But I still wasn’t completely satisfied. I had followed the standard recommendations – beds 4 feet wide and about 25 feet long (if space permitted). Much as I loved my gardens, it was annoying to have to walk all the way around the bed to reach the other side that was just beyond my reach.
I also kept the paths very narrow, to maximize the garden area. Many of my crops grew so vigorously that they ended up blocking the narrow paths. It might have been an efficient use of garden space, but it was very difficult to try to move around the garden when the plants grew large.
I didn’t use anything to support the sides of the raised beds, as I moved a lot and didn’t have much money to spend on my gardens. Even with a light mulch, heavy rains tended to erode soil (along with seeds and young plants) off the sloping sides of the beds. In addition, I was rarely able to grow large plants like winter squash. A single plant could have taken over half of my garden beds.
Moles, though they didn’t eat my plants, accidentally killed many of my small seedlings simply by digging up the soil underneath the very young plants while looking for worms to eat. And although voles were less of an issue without deep permanent mulch, as I started to produce winter gardens, I discovered that even a small population could cause significant damage to my winter vegetables.
As I explored square foot gardening, I realized that I could use Mel Bartholomew’s method to solve most of my remaining gardening issues.
For my vegetables, I started using small 4′ x 4′ beds spaced three feet apart, making it easier to move around the garden. Even with this wide spacing, however, some of my plants are so vigorous that they still fill the aisles between the beds. But with so many wide paths available to move around the garden, this is no longer a major problem, and I don’t really want to make the paths any wider.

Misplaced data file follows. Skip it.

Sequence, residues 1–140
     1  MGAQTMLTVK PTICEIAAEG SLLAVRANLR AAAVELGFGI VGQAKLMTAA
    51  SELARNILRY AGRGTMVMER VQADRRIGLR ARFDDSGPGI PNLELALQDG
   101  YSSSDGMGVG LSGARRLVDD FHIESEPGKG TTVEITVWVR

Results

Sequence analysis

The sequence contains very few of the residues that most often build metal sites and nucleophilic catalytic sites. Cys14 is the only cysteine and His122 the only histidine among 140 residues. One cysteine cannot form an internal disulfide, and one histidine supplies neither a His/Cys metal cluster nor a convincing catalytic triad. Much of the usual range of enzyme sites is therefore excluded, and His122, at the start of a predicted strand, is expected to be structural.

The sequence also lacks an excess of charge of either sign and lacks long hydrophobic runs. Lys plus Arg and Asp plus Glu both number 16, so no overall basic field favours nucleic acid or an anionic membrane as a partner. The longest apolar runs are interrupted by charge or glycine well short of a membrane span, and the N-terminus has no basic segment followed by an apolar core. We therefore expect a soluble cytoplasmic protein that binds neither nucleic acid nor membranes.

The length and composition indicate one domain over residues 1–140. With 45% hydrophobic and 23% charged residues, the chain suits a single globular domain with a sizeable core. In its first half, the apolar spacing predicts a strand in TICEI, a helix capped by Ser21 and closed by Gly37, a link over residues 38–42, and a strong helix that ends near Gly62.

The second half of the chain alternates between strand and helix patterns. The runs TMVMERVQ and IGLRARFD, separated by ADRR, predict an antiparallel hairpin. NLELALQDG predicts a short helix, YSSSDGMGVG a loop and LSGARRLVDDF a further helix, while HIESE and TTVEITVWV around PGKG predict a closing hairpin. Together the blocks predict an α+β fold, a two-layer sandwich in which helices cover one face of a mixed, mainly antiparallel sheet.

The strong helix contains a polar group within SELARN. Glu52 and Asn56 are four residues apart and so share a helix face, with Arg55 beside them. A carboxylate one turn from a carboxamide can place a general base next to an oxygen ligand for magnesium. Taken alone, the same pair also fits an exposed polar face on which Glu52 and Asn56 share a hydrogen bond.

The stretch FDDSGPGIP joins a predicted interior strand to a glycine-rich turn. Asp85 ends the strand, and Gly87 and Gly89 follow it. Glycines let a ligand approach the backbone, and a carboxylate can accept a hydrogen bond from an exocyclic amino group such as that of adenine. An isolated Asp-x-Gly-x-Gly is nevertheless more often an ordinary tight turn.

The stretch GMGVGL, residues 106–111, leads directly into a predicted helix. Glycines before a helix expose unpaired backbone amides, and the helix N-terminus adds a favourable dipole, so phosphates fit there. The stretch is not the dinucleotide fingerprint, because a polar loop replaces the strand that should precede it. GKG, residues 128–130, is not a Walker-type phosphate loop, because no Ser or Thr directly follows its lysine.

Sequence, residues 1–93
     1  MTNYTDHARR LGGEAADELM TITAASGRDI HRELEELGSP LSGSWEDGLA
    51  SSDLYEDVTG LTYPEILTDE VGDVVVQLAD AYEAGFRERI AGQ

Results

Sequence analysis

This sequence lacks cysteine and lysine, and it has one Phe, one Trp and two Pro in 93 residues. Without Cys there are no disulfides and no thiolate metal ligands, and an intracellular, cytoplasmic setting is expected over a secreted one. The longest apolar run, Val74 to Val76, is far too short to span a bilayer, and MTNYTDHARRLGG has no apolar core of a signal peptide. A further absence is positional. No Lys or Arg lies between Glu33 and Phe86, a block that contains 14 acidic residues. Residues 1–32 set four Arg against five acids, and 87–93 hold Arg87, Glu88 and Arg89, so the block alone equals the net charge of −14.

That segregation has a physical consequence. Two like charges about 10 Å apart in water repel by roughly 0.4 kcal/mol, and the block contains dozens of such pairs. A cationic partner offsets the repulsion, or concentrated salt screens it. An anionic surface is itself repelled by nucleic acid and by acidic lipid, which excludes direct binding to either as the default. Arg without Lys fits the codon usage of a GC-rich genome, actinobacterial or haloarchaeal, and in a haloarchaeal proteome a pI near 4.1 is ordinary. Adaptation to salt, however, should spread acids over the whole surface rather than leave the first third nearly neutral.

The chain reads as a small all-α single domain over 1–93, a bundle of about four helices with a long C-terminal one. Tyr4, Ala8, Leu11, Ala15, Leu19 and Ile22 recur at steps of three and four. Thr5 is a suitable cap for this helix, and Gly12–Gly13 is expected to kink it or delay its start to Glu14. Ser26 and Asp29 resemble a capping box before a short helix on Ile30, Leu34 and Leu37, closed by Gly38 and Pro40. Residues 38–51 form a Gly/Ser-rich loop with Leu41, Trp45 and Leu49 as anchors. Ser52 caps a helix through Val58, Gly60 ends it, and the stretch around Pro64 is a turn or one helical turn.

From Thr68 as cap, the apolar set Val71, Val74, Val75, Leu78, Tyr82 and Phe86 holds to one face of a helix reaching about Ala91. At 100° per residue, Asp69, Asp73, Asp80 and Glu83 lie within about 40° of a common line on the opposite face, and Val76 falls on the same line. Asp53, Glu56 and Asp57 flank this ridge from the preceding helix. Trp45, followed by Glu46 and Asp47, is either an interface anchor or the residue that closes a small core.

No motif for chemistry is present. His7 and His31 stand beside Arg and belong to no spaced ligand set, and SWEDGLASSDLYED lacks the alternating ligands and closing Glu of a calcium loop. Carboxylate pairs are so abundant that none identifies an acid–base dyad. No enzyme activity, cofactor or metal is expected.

Now that I have a long-term garden site, I use mostly wood frames to hold the soil in place. Four foot beds make the most efficient use of standard 8 foot long lumber, and the clear material for cold frame covers. At my last garden site where I had rich loam topsoil, moles were a major pest, and when I built the square foot beds, I attached hardware cloth (metal screening) underneath them to keep out both the moles and voles. I haven’t found a single mole in my new garden, where the native soil is heavy clay, so that is an issue I no longer have to deal with.
With small beds, it’s very easy to use multiple trellises, which allows me to grow even more crops per square foot than I can with standard large intensive beds. As I never have to till my garden soil again and my raised beds warm up and dry out faster, I can start planting my garden in early spring, weeks before my neighbors. And I can harvest fresh vegetables all winter with the use of simple and cheap unheated cold frames on top of the square foot garden beds.
Because the frames of the beds hold the soil in place and I protect the surface of my beds with a light mulch of grass cuttings from my lawn, I no longer have any problems with soil erosion. It’s also easier to keep many pests out of small gardens. And I’ve even learned how to grow mini fruit gardens. Overall, square foot gardening offers me the most benefits for the least amount of work.
The single biggest disadvantage of any type of intensive raised beds (including square foot gardens) is the need to water the garden on a regular basis, sometimes every day. You should choose a different gardening method if you do not have a reliable source of irrigation water, or cannot find some way to water your garden on a regular basis.
There are a variety of gardening methods available – biodynamic, lasagna, permaculture, Ruth Stout mulching, biointensive, square foot, edible landscaping, standard row gardening, and many more. There are as many opinions on how to garden as there are gardeners. The effectiveness of each method will vary with climate, soil, location, regional pests, and each gardener’s ability.
Choose a method that you feel most closely fits with your gardening region, your specific garden site, and your personal needs and limitations – and then get your hands dirty! After many years of gardening, I have decided that modified square foot gardening is the best gardening method for me in my current location.
The real joy is the daily journey in your garden. No garden is perfect! Every year is different. And you can experiment and try an endless variety of new plants and techniques. I never find gardening boring because I’m always learning new things. Enjoy!
Next section: Year-Round Gardening